Exploring Gravity with Optical Clocks



What is an optical clock?

Mission proposals


EU-FP7 project "SOC2"




Space-Time Explorer and Quantum Equivalence Principle Space Test

Recent news: ESA selects "STE-QUEST" as one of four medium-size candidate missions for a flight in 2022+

ESA Mission homepage

The Space-Time Explorer and Quantum Test of the Equivalence Mission (STE-QUEST) is devoted to a precise measurement of the effect of gravity on time and matter using an atomic clock and an atom interferometer. It tests a fundamental assumption and one of the most fundamental predictions of Einstein’s Theory of General Relativity with high precision and thereby searches for hints of quantum effects in gravity, contributing to the exploration of one of the current frontiers in fundamental physics.

The first primary goal of the mission will be to measure space-time curvature via the precise determination of gravitational time dilation. The ESA ACES mission on the ISS aims to improve on current knowledge by approximately a factor 10. STE-QUEST aims to achieve a further improvement compared to ACES, by a factor between 45 and 400 (in the advanced STE-QUEST scenario), making use of a highly elliptic orbit and advanced atomic clocks. In addition, STE-QUEST will also perform a precise measurement the redshift due to Sun’s gravitational field, thereby testing for the independence of the redshift on the nature of the mass producing the gravitational field., The improvement is a factor 1E6 compared to current knowledge and approx. 20 compared to ACES.

A second primary goal is a quantum test of one aspect of the Equivalence Principle, the universality of free-fall. STE-QUEST will test various aspects by interferometrically tracking the propagation of matter waves in the Earth field, striving for an accuracy better than one part in 1E15.

The satellite payload consists of two instruments: a cold atom-based clock of highest performance and an atom interferometer.

The clock is derived from the well-developed microwave clock PHARAO (ACES heritage). The performance of the clock is improved compared to the current implementation for ACES by an optically derived ultra-pure microwave signal and by using the more favourable atomic species Rubidium. During the mission, the space clock will be compared with atomic clocks on the Earth, using precise microwave frequency transfer methods similar to those developed for the ACES mission, as well as using a laser coherent link based on the successful LCT technology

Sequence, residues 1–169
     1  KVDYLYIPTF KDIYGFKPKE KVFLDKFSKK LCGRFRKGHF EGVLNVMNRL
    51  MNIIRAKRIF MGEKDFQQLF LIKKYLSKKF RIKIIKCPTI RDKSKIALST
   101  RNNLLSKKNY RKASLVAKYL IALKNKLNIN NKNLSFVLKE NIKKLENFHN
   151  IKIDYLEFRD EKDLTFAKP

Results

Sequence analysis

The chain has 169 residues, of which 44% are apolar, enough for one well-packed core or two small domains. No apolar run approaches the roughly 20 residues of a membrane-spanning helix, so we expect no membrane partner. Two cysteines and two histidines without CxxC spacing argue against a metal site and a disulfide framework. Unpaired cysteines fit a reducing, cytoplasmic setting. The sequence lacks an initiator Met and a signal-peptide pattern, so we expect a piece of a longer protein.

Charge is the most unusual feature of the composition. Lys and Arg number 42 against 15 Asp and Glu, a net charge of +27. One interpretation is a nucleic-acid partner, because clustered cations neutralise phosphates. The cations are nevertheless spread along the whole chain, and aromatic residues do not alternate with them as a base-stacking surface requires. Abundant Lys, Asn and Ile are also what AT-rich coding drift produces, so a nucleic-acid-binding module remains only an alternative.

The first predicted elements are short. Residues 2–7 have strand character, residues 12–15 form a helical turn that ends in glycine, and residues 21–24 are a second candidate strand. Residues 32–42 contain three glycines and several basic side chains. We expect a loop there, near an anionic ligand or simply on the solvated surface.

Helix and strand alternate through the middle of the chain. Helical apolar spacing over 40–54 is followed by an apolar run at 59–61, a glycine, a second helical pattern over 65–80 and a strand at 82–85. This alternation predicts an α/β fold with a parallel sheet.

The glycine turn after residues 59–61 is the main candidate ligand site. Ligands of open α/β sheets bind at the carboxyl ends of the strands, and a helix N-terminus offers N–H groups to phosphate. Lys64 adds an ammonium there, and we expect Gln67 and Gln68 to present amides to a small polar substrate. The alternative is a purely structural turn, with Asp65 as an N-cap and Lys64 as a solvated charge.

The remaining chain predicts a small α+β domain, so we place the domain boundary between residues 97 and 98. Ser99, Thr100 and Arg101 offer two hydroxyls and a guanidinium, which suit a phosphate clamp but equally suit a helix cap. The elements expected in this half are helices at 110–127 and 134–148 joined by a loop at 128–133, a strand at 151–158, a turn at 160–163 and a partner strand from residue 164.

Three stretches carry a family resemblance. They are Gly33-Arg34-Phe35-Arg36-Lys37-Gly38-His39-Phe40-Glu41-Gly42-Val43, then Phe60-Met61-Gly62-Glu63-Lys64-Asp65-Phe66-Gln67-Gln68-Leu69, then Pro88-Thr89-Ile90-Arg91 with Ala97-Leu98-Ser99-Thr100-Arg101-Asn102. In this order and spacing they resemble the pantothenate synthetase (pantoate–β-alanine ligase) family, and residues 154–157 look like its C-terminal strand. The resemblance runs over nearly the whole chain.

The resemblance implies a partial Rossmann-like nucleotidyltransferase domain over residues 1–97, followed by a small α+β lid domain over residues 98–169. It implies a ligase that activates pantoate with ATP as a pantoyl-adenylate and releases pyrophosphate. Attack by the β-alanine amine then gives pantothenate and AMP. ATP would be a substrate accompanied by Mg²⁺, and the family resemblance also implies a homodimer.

The atom interferometer will compare the free propagation of coherent matter waves of two isotopes of rubidium (85Rb. 87Rb) under the influence of the Earth's gravity. The use of ultra-cold matter at quantum degeneracy will permit to go far beyond the current accuracy of tests.

The highly elliptic orbit of the satellite provides a large variation in the gravitational potential between perigee and apogee and maximizes the accuracy of the measurements of the redshift,. Clock and atom interferometer will operate alternately. A mission duration of up to 5 years is intended.

Besides the fundamental physics results, the mission provides a new tool for mapping the gravitational potential on the Earth surface with high spatial resolution and at a high level of accuracy (1 cm equivalent height). STE-QUEST will establish a global reference frame for the Earth’s gravitational potential.

The STE-QUEST mission concept is derived from the STE assessment study by ESA’s Concurrent Design Facility in June-July 2010, following the 2010 recommendations of ESA’s Fundamental Physics Working Group.

Many components and subsystems of the satellite payload have been developed up to engineering or flight models in the frame of the ESA ACES mission and other missions using lasers and optical techniques, and have technical readiness level of 6-8. In particular, the atomic clock PHARAO and the associated microwave link will have been validated in space on the ISS in 2014. The laser link is based on the currently operational LCT technology used by ESA. Some subsystems are currently under development and are expected to reach TRL 5 by 2014, as required by the call. This includes planned tests of hardware in the drop tower and on rocket flights.

Download presentation about the time dilation test of STE-QUEST (2011)

Download proposal text (2010)